The Trump administration intends to invest $115 million over the next three years to reopen a uranium enrichment plant in southern Ohio.
The decision by the U.S. Department of Energy is subject to final approval by federal regulators but could result in 60 new jobs initially, according to an announcement by Sen. Rob Portman, R-Ohio.
The plant would house a cascade of 16 centrifuges at the former American Centrifuge Project in Piketon.
“Today is another milestone in the effort to get Piketon back up and running doing the work that is so important to our country,” Portman said.
“While there will be a consideration period before this decision is final, I’m encouraged by today’s announcement. Getting Piketon back to its full potential benefits the skilled workforce here, the surrounding local economy, and strengthens national energy and defense security.”
Piketon Mayor Billy Spencer, who worked 39 years as a security employee and then as a security contractor at the Piketon site before retiring last month, welcomed the “good news.”
“Anytime new jobs are created, it’s a good thing,” he said. “This community, southern Ohio, we need some good news, Pike County particularly.”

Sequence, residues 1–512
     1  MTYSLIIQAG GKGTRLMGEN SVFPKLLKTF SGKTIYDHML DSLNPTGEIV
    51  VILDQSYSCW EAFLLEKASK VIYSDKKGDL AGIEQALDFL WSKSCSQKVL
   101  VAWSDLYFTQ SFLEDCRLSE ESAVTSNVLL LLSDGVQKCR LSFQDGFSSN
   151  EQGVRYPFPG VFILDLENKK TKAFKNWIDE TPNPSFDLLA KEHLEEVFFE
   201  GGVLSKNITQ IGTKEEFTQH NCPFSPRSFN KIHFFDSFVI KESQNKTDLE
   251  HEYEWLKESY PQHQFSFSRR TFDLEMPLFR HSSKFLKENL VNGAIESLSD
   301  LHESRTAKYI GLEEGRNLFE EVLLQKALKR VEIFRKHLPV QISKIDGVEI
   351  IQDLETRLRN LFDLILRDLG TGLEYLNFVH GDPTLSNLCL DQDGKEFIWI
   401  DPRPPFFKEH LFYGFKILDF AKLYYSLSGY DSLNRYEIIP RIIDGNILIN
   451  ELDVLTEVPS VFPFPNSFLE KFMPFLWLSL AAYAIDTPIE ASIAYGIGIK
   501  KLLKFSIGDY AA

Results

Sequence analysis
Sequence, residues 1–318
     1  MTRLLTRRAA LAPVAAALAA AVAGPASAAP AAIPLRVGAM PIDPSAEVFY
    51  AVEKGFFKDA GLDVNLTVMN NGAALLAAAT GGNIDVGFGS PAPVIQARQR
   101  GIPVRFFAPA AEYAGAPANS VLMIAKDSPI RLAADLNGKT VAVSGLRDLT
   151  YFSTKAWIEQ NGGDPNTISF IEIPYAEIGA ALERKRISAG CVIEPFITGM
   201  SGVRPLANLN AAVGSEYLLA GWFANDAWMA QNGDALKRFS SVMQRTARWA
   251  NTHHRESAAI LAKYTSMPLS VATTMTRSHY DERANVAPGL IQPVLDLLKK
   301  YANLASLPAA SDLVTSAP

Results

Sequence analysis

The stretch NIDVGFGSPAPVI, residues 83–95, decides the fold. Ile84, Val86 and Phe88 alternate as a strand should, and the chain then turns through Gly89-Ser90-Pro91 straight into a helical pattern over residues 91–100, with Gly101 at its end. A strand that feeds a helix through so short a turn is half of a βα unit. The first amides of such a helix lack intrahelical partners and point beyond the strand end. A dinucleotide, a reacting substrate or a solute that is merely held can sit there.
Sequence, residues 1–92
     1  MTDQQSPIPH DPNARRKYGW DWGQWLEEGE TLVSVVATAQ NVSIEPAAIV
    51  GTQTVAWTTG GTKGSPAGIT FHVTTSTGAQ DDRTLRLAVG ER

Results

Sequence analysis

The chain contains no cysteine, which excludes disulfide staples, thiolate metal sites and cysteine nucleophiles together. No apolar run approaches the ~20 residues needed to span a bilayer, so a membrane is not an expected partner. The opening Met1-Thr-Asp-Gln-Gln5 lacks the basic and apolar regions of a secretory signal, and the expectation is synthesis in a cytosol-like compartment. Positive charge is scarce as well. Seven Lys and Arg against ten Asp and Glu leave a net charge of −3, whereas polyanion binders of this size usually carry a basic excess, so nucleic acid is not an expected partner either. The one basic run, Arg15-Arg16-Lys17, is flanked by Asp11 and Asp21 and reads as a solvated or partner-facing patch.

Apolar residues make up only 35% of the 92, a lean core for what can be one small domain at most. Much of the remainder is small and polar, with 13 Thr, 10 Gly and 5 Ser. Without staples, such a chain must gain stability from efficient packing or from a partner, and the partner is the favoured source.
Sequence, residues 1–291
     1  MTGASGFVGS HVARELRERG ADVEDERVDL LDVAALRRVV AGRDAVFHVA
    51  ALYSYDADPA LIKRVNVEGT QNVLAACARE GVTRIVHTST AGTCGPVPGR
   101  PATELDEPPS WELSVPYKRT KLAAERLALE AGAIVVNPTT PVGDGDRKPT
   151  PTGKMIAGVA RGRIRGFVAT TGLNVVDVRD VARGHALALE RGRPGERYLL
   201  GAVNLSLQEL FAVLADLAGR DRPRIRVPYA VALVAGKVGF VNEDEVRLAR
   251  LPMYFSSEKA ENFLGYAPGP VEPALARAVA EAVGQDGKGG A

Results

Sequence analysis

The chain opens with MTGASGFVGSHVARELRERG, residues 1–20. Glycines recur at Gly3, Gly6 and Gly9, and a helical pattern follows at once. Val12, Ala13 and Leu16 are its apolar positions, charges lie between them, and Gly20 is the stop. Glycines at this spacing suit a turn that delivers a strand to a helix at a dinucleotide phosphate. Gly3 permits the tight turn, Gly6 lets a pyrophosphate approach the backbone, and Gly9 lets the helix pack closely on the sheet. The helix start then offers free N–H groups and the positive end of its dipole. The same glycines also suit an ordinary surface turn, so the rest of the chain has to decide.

“I’ve seen this start up twice, this will be the third time. I’m sure these will be good-paying jobs. I hope it is just start and leads to a full cascade” of more centrifuges to enrich uranium for defense needs.
At Portman’s urging,Energy Secretary Rick Perry last year agreed to re–evaluate the Obama administration’s decision to end the domestic uranium enrichment demonstration program that in Piketon.
Portman and others argued that the project was vital to improving the nation’s security.
Previously, Perry said he would continue to prioritize the cleanup work being done at the adjacent Portsmouth Gaseous Diffusion Plant in Piketon. Some 1,800 people work on cleanup of the plant, which stopped enriching uranium through a process called gaseous diffusion in 2001.
Source: The Columbus Dispatch